Overnight watches were her favorite. Not that she didn’t enjoy laying next to Dina while the girl slept, but there was something about being outside in the infinite black and silence at night that brought her peace. And if she got a shot or two off at a lone Runner, Clicker, or a group of Hunters or Bandits well, hell, that wasn’t too shabby either.
The “Towers” they’d built on the wall (more of makeshift kinds of hideouts made of scrap metal and ruggedly-chopped wood) would provide some relief from the rain. But it was still going to be cold. Maybe she could build a small fire up there without any smoke attracting too much attention…
Nah, Maria would kill her.
…Maybe it would be worth it.
She jogged around the last corner and began down toward the wall. It was quiet on the streets tonight. Usually a few stragglers were hanging about - playing a game of catch or having a couple drinks. Sometimes some of the kids sneaked out at night for ’target practice’ with their little water guns. Guess nobody wanted to be out in this downpour, though.
But Ellie had always liked the rain, and if no one wanted to join her, well that was fine with her. Not that she didn't like the others in the commune - she was generally happy to strike up conversations with anyone and they were good people... but lately, lately she'd taken to being with herself and her thoughts.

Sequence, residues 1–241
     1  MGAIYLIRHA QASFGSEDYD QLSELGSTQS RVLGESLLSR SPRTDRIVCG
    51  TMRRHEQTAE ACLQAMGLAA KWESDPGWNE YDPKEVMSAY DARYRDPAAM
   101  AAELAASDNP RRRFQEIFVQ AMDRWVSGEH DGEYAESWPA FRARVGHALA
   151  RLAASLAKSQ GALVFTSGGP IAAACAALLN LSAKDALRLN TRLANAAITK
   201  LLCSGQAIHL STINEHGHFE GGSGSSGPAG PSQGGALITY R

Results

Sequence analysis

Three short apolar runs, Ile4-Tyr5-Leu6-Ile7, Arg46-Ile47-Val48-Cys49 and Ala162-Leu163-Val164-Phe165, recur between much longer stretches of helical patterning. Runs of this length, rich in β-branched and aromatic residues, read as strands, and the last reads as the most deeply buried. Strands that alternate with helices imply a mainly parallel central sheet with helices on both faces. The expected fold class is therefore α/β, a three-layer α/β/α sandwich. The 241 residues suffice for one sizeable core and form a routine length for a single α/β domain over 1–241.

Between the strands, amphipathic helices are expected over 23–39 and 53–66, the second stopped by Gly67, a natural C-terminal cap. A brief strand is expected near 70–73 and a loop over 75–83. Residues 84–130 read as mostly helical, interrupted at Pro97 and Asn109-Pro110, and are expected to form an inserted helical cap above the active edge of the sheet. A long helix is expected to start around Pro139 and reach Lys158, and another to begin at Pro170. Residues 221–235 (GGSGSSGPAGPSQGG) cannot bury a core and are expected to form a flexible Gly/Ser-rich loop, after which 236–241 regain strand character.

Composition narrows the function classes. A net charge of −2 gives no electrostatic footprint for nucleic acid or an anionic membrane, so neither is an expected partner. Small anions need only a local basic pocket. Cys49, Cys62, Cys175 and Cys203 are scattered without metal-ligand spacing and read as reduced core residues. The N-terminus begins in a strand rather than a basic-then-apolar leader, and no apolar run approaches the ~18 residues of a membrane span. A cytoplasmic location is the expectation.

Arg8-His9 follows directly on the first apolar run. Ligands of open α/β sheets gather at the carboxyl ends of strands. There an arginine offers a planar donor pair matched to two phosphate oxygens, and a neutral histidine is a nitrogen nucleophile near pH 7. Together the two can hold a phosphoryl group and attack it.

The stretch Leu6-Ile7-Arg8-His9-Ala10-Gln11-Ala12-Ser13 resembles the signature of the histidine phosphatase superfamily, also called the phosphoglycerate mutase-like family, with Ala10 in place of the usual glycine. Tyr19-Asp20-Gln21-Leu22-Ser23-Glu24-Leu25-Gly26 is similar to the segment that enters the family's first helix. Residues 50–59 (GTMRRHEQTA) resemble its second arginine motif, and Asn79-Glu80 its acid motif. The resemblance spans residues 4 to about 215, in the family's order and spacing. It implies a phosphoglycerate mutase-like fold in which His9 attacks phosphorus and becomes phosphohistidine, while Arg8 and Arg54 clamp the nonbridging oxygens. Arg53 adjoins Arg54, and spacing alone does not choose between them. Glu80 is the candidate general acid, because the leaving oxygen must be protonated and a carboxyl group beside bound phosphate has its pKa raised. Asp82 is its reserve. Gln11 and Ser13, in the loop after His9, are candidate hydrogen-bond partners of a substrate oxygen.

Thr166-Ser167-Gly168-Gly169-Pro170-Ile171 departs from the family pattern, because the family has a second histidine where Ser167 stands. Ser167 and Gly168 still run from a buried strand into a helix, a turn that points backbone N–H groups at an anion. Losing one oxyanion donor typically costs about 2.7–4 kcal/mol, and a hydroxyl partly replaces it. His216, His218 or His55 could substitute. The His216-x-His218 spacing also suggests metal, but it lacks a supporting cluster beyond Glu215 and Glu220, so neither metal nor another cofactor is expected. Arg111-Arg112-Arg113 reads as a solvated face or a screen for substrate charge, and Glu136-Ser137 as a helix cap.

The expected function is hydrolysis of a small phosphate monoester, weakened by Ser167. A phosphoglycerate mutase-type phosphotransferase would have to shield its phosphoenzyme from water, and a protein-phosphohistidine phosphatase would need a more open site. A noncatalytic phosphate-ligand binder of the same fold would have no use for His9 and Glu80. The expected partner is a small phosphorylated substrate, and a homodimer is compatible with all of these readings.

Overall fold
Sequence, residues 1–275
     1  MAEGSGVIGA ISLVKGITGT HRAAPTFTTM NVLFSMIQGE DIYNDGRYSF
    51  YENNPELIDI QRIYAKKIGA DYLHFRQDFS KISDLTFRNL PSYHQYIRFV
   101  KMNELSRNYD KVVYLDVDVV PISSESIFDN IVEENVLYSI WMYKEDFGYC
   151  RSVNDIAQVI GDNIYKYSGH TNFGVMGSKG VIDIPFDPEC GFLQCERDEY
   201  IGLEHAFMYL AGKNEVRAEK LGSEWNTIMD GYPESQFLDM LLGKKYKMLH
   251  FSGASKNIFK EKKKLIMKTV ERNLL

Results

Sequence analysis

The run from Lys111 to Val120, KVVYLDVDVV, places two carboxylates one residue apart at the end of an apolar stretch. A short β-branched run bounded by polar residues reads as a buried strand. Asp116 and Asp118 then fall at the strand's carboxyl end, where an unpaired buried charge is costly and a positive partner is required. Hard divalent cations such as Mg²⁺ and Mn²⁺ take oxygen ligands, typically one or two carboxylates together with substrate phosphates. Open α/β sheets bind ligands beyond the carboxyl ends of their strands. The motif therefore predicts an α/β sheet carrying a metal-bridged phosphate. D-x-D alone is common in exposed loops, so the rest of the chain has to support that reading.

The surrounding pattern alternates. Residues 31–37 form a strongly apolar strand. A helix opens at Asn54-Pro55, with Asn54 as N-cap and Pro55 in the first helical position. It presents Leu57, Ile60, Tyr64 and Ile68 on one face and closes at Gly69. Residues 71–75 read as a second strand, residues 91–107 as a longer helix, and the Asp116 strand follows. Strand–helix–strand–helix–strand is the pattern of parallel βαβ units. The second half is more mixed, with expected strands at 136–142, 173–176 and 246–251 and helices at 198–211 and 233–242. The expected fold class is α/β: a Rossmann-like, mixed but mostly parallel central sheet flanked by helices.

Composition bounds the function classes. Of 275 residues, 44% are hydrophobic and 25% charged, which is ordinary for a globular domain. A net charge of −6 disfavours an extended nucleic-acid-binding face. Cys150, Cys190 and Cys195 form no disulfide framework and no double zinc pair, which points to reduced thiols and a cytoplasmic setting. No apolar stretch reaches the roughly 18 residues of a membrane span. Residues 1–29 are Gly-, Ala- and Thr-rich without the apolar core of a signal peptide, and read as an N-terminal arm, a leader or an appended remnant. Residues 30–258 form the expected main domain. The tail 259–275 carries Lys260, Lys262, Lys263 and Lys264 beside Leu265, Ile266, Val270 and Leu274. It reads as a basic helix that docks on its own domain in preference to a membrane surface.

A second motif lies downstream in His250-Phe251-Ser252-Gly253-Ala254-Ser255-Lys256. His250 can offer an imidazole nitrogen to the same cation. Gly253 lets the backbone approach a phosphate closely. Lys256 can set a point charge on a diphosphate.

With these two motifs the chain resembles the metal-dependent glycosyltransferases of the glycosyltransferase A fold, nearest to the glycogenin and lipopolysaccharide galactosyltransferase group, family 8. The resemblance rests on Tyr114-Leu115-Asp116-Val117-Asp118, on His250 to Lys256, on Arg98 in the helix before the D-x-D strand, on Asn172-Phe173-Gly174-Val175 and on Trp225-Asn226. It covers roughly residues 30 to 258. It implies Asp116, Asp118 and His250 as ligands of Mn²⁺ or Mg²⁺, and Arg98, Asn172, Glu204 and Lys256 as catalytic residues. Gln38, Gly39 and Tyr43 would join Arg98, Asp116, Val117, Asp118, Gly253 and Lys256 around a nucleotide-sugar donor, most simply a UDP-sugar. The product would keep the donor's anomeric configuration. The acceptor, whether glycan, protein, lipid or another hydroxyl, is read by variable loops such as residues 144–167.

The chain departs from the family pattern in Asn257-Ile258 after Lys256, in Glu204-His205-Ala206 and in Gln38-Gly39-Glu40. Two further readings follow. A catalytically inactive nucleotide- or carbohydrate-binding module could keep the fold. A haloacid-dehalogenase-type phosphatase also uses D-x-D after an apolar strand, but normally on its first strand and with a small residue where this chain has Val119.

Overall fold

She reached the ladder to the South Tower and started to climb, careful not to slip. She stepped up onto the path on the top of the wall and walked a few steps toward the door to the Tower.
She knocked slowly twice. Then three times. Then waited for two seconds, and knocked twice in quick succession. The peephole on the door opened.
“Oh, hey Ellie,” a friendly, deep voice cut through the storm.
“Open the door, Jesse, it’s fucking cold out here,” Ellie moaned.
“All right, all right, hold your horses,” Jesse said as he unlocked and opened the door, allowing Ellie to step in.
“Thanks,” Ellie huffed, taking her jacket off and shaking it out before dropping it onto the back of a chair.
The Tower wasn’t enormous - it was big enough to fit about five people comfortably, but they rarely put that many up there. Tonight the South Tower had just been Jesse, and it would just be Ellie. A few blankets laid strewn in one of the corners, along with a couple chairs hanging about. The wind and rain was kept out mostly, but there was a slit a couple inches wide that cut through the entire circumference of the Tower walls so the Watchers could, you know, keep watch. There was a small latched door on one of the walls, just big enough to fit an arm through, that led out toward a heavy bell they had to ring if Jackson was ever in trouble. Ellie hoped to never have to use it, but in an Infected Dystopia, she knew her pipe dream was just that and it was only a matter of time.